For generations, summers in Minnesota have been filled with barbecues, boats, and the sounds of loons. More recently, we have been blessed with another set of Loons, and next season, a new stadium. The second year of the soccer-playing Loons has coincided with 21st Men’s World Cup. Across the pond, some of the best players and coaches of this generation are on display in this little tournament and there are a few things our Loons could learn, starting with the Umbrella.
The Umbrella is a piece of play used to pin the opponent inside of their defensive third and keep the pressure on while probing for holes. It is characterized by having the two holding midfielders post up around 35 yards from goal and the outside backs will push forward and sit just higher than than the holding midfielders. This allows the front four to do their thing and be more creative without having to worry about losing the ball and being countered on. Several World Cup side have used this including Peru, Germany, and Croatia to name a few. While two of these teams didn’t make the knockout round, Peru earned plaudits for their style of play and Germany lacked finishing, not possession.
In other words, it allows it gives Ibarra, Quintero, and Co 35 yards of space to “try stuff.” The outside backs always being high allows the wings to either push inside to better combine with Ramirez. With a surprising lack of wingers with intact ACLs, more central players wouldn’t be a bad thing. WIth Quintero playing centrally, Collin Martin, naturally a central player has moved up the depth chart. Jerry, Eric Miller, or Gomez outside allows Martin to pinch inside where he feels more at home.
The downside to the Umbrella is that it means the outside backs do not get to overlap. The four in the Umbrella don’t get involved in the attack outside of moving the ball around and distributing it. That means no late runs into the box from Ibson. If the opponent can successfully hold the ball up and bring numbers forward quickly, they will be countering against two centerbacks and no one else. Schuller and Ibson aren’t definite holding midfielders. Despite his stats, Schuller isn’t in the team to tackle players and win the ball. Next on the depth chart is Collen Warner and Maximiano. Neither are stereotypical #6’s, so any turnovers in midfield wouldn’t be pretty. The hope is that any turnover would come with a stoppage in play: a throw-in or goalkick. Turnovers in play would be met with a Loon’s resistance of eight players within 30 yards of the goal to close down the ball. Winner the ball higher allows the Loons to shorten the field and avoid costly turnovers closer to the goal, something Bobby Shuttleworth is sure to appreciate.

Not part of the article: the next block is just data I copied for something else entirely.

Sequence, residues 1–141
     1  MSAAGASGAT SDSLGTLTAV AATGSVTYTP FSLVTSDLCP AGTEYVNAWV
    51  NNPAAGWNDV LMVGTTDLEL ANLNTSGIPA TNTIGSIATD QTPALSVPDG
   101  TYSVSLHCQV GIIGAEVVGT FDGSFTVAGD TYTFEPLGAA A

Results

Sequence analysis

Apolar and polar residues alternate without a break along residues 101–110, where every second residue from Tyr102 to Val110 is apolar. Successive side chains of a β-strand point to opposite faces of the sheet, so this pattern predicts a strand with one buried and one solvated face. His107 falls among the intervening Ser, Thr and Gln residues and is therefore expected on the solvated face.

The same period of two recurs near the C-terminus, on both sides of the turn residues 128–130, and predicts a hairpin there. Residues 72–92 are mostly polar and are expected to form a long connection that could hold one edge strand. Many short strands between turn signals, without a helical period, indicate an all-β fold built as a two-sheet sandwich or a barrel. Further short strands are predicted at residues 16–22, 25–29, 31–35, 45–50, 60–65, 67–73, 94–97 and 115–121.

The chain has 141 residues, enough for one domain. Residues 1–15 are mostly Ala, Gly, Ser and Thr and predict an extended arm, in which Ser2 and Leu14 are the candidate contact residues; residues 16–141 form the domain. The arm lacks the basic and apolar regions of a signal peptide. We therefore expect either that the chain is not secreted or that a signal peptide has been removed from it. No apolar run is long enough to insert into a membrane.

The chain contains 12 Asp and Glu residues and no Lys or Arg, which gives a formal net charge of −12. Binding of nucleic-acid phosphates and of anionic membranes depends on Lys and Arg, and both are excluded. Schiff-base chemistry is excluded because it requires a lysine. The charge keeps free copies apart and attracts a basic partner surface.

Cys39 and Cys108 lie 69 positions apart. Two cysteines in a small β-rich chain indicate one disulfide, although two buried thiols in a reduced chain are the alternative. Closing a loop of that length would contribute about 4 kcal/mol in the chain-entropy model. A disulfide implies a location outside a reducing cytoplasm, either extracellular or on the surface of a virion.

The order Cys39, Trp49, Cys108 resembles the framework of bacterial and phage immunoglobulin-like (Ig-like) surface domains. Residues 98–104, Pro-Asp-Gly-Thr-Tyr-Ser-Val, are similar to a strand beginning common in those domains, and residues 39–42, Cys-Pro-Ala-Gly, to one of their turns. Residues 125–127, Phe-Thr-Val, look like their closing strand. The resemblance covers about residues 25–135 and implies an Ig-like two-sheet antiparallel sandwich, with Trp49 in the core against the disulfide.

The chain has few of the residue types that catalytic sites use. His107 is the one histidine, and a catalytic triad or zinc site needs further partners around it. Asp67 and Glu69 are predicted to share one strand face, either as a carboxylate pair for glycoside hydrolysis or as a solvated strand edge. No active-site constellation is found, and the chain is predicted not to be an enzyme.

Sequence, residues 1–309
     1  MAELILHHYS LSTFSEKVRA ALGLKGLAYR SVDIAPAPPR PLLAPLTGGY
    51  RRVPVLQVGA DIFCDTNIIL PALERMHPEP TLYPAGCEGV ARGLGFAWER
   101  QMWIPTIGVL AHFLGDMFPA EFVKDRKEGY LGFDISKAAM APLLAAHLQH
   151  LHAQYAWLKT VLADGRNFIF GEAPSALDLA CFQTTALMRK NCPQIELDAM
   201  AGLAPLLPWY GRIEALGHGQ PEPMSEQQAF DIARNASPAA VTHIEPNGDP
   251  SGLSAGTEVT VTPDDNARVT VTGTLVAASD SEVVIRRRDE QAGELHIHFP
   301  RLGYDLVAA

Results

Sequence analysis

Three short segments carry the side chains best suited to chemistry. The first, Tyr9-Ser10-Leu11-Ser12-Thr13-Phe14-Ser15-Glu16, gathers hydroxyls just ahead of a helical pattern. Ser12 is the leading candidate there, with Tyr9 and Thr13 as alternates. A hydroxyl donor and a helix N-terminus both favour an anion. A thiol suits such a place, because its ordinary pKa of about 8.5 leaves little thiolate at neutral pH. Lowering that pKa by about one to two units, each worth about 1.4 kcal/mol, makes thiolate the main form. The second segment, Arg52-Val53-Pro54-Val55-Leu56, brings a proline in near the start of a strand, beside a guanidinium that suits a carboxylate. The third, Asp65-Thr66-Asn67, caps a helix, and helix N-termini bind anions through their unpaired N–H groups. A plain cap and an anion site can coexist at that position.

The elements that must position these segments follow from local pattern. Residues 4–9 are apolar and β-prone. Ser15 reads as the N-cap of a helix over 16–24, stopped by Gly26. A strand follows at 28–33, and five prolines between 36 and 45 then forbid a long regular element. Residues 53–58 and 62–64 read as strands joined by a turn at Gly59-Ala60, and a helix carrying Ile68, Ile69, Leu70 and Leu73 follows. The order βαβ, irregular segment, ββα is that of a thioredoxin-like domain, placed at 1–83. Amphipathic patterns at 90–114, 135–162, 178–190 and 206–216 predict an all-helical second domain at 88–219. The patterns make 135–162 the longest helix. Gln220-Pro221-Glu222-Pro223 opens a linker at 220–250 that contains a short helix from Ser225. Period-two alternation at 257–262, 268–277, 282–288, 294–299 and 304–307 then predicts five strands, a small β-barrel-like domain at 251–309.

With a leaky defense and overworked goalkeeper, the Loons need a way to keep the ball as far away from the goal as possible. The Umbrella pins the ball inside our attacking third and maximizes opportunities for attackers. It may mean sacrificing Ibson for someone with a little more defensive nous, but if it means more points then it may be worth a tweak to Heath’s favored 4-2-3-1.